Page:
Smell heritage is a sensory dimension of artefacts, practices and spaces which conveys unique values and meanings and/or are significant to communities, groups and individuals as part of their heritage. We can distinguish four different groups of smell-heritage relations.Firstly, smells central to cultural practices which are significant for a certain community (for instance: incense burning in churches, mosques and temples, aromatherapy, or the use of the nose in certain crafts and during festive events). Secondly, smells as objects with cultural significance (for instance: myrrh, civet, historic perfumes, tobacco, gunpowder). Thirdly, smells as attributes of historical artefacts (for instance: the smell of old books, pomanders). Finally, smells as attributes of natural and cultural sites (‘smellscapes’) that are significant for these (built) environments and that possess unique values (for instance: the smellscape of a historical library, cocoa factory, food market, monument, botanical garden, or volcanic pit).
A historical or heritage smellscape is a collection of smells linked to a specific place with value or significance for an individual or community. These smells are made up of odours (the material emissions of smell characterized as chemical compounds) and noses (the values, meanings, feelings, identities with which those smells are associated). The uniqueness of the smellscape may be constituted by unique smells; a unique arrangement of smells; or the unique meanings or practices associated with that particular smell by the community in question. The smells within a heritage smellscape may belong to one or several of three categories: keynote smells, smell signals, or smellmarks. Keynote smells are those that are central to a smellscape and which form the olfactory background. They may not be actively noticed in the course of everyday life but it would be noted by the community if they disappeared. Smell Signals are foreground smells that involve conscious and active sniffing by the community. Smellmarks are those smells that have a unique and special significance for a community. They are therefore especially deserving of protection.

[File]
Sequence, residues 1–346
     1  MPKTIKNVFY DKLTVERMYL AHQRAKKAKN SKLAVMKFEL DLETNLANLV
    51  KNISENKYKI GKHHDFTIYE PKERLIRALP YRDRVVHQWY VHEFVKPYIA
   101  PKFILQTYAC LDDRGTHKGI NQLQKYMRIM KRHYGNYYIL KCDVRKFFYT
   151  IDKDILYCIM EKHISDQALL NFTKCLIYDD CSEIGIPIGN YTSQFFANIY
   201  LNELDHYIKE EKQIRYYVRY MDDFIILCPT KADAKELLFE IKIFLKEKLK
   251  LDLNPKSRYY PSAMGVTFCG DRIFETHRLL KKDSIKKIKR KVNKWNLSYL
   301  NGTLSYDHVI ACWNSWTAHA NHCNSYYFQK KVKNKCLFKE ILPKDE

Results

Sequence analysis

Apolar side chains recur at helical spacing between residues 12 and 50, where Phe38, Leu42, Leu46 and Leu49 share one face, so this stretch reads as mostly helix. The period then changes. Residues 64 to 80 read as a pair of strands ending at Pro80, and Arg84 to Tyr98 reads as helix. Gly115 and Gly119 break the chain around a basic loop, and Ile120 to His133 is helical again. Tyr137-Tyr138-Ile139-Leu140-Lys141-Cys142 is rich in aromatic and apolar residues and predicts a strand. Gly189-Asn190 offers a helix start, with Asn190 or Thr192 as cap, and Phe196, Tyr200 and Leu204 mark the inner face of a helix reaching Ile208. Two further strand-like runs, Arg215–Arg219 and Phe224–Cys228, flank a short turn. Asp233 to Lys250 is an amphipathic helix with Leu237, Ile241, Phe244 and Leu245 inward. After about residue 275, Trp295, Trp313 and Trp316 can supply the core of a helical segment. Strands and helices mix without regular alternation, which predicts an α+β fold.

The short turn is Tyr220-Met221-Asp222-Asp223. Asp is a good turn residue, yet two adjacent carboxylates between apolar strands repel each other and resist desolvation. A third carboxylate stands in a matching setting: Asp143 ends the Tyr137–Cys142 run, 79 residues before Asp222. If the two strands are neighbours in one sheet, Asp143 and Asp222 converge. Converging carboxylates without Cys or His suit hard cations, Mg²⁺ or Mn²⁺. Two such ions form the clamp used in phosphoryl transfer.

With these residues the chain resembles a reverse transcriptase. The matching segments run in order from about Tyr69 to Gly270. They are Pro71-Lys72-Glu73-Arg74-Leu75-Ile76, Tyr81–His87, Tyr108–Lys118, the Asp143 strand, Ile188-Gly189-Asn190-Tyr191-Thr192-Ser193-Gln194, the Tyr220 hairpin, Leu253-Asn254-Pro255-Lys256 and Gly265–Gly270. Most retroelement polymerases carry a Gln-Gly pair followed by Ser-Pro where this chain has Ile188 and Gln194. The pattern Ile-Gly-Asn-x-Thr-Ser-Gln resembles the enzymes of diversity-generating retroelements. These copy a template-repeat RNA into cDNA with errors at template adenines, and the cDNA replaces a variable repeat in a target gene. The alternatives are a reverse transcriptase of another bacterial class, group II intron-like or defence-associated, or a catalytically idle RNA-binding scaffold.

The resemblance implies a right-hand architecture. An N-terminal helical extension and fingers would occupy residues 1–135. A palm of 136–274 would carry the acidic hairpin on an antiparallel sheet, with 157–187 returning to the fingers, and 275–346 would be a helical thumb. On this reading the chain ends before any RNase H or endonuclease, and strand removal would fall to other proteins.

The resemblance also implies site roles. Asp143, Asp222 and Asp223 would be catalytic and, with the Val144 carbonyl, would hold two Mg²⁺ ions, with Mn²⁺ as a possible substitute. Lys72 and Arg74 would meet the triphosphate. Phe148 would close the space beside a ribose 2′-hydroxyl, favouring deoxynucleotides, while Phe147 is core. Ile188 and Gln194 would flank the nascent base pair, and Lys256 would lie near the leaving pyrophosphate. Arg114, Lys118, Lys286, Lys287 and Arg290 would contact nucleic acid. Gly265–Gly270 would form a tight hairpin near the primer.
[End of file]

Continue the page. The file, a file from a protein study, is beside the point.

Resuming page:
- Smell History
- Smell Heritage
The Encyclopedia of Smell History and Heritage is an ongoing project, hence we are always keen to gather more Clusters of Entries. If you have an idea for a Cluster of Entries for the Encyclopedia then get in touch via the email below.
If you have used the Encyclopedia of Smell History and Heritage, we'd love to hear:
• What you used it for.
• What you thought was good or useful.
• What you felt was missing or needed improving.
You can email us any other feedback or when your are experiencing technical difficulties, at:
Dr William Tullett
William Tullett, University of York, Editor in Chief
Alex McQueen, KNAW, Editorial Assitant
William Tullett, University of York
Inger Leemans, KNAW/VU
Marieke van Erp, KNAW/VU
Sofia Collette Ehrich, KNAW
Ronald Sluijter, KNAW
Arno Bosse, KNAW
Ali Hürriyetoglu, KNAW
Sophie Elpers, KNAW
Vincent Christlein, FAU
Andrea Büttner, FAU
Peter Bell, FAU
Helene Loos, FAU
Mathias Zinnen, FAU
Prathmesh Madhu, FAU
Sara Tonelli, FBK
Elisa Leonardelli, FBK
Design and Art Direction
BSTN // Basten Stokhuijzen
Denim Ink by Displaay
Martina Plantijn by Klim Type Foundry
Slussen Mono by Blaze Type